Vermonters have lifelong opportunities for oral health

% of adults aged 45-64 with disabilities who have lost at least one tooth due to tooth decay or gum disease

69%2018

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Story Behind the Curve

Author: Oral Health Program, Department of Health
Updated: March, 2019

Adults with a disability in Vermont are more likely to have six or more teeth removed due to tooth decay or gum disease than adults with no disability. Even with risk factors like diabetes or cigarette use, adults without a disability are still less likely to have had any teeth extracted due to tooth decay or gum disease compared to adults with a disability. To address this problem, we have identified adults with disabilities as a target population for our state health improvement plan (SHIP) strategies. By involving adult Vermonters with disabilities in the development of strategies and work plans in the SHIP, we will increase the likelihood of reducing the oral health disparities that exist between adult Vermonters with and without disabilities. 

What Works

The Association of State and Territorial Dental Directors’ Best Practice Approach: Individuals with Special Health Care Needs (SHCN) and Their Oral Health Needs, 2011 outlines a number of strategies that can be employed to address the oral health care needs of people with disabilities. 

Strategy

At the Vermont Department of Health, we will explore multiple strategies to promote oral health for Vermonters with disabilties. Examples include: 

  • Empower adults with disabilities and their families/caregivers and advocate for their oral health. 
  • Support, educate and train the dental workforce to serve adults with disabilities.
  • Extend coverage of oral health services in Medicaid for adults.
  • Enhance partnerships to support an oral health program of outreach, case management, preventive services and dental care for adults with disabilities.
Why Is This Important?

One in four Vermont adults has a disability. Adults with disabilities access dental care less and experience more tooth loss due to tooth decay or gum disease than adults who do not have a disability. This is important not only because of the role oral health plays on overall health, but also because oral health is related to a person’s ability to learn, work, sleep, and general quality of life. 

Individuals with disabilities face a number of behavioral, cognitive, and physical challenges that can adversely affect their health; oral health is no exception. In some cases, dental health care providers may not feel comfortable treating patients with disabilities. Additionally, lack of adequate insurance coverage may also be deterrent because it may not compensate for the additional time involved for the provider (Journal of Multi-Disciplinary Care, 2016) Addressing oral health disparities for Vermonters with disabilities is a State Health Improvement Plan.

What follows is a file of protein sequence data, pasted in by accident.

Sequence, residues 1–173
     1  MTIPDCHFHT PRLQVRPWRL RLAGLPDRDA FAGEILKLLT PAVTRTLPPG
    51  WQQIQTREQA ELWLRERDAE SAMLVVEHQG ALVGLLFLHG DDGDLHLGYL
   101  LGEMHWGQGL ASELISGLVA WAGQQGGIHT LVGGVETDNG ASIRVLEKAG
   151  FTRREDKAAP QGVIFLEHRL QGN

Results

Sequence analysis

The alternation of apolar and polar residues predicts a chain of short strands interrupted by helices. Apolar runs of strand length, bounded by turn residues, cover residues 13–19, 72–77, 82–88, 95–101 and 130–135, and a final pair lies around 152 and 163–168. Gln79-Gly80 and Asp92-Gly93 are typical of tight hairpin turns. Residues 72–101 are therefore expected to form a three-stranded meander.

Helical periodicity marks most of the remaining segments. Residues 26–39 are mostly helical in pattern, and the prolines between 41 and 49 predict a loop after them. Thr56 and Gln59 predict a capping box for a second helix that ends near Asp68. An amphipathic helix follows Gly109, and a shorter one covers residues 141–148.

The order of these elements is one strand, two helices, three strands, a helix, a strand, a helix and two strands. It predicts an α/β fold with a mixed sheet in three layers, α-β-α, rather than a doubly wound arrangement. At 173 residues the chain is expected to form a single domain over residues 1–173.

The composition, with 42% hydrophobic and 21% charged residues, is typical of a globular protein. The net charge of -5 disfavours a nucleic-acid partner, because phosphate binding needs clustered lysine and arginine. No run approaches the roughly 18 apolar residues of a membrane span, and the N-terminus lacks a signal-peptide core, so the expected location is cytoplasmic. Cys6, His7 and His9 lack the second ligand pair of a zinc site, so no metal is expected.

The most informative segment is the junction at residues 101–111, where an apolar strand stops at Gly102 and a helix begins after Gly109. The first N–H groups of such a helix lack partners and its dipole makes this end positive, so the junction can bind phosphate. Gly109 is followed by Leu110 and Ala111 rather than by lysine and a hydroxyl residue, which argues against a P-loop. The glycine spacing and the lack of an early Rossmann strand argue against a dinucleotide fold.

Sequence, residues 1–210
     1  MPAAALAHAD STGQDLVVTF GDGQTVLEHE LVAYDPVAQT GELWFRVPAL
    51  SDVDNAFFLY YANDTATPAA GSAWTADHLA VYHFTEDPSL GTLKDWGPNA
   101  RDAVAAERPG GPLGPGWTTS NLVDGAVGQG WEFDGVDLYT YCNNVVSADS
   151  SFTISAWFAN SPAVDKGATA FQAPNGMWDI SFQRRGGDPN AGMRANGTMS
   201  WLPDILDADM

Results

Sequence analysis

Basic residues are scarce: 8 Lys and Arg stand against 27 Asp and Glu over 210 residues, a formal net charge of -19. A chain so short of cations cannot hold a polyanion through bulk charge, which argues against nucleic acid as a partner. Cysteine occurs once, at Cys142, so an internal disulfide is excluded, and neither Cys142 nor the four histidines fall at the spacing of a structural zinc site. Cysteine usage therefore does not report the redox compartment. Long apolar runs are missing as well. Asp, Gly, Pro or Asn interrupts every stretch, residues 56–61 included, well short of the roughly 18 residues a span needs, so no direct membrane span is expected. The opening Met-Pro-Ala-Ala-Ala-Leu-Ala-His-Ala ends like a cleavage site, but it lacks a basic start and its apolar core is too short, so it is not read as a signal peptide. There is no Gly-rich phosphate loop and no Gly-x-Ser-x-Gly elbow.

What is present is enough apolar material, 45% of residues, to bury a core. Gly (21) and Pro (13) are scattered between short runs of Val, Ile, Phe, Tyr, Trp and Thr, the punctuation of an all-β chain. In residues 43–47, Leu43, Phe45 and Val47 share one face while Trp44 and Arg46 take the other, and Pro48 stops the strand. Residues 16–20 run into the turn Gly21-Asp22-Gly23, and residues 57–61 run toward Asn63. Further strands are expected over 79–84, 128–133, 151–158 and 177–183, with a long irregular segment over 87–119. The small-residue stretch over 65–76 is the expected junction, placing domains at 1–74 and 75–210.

Notes on Methodology

This question about the number of permanent teeth removed because of tooth decay or gum disease is asked every other year. The Behavioral Risk Factor Surveillance System (BRFSS) asks several questions to determine an individual’s disability status. Disabilities identified by the BRFSS include mobility, cognitive, visual, hearing, self-care and independent living. The BRFSS does not include people living in institutions and group homes, who may be more likely to have a disability, and therefore may underestimate the prevalence of disability.

Vermont tracks risk behaviors using a telephone survey of adults called the Behavioral Risk Factor Surveillance Survey (BRFSS). Since 1990, Vermont, along with the 49 other states, Washington D.C. and U.S. territories, has participated in the BRFSS with the Centers for Disease Control and Prevention. Several thousand Vermonters are randomly and anonymously selected and called annually. An adult (18 or older) in the household is asked a uniform set of questions. The results are weighted to represent the adult population of the state. The results are used to plan, support, and evaluate health promotion and disease prevention programs. 
Due to BRFSS weighting methodology changes beginning in 2011, comparisons between data collected in 2011 and later and that from 2010 and earlier should be made with caution. Differences between data from 2011 forward and earlier years may be due to methodological changes, rather than changes in opinion or behavior.

The CDC provides the Vermont Department of Health with funding each year to carry out the survey. Currently, ICF Macro with an office in Burlington, Vermont, is the interviewing contractor for the Vermont BRFSS.

Beginning in 2009, Vermont started interviewing adult residents on cellular telephones as well as landline telephones. This change ensures the survey is conducted among a representative sample of Vermont adults and was made due to changing telephone patterns with more households using primarily cellular telephones.

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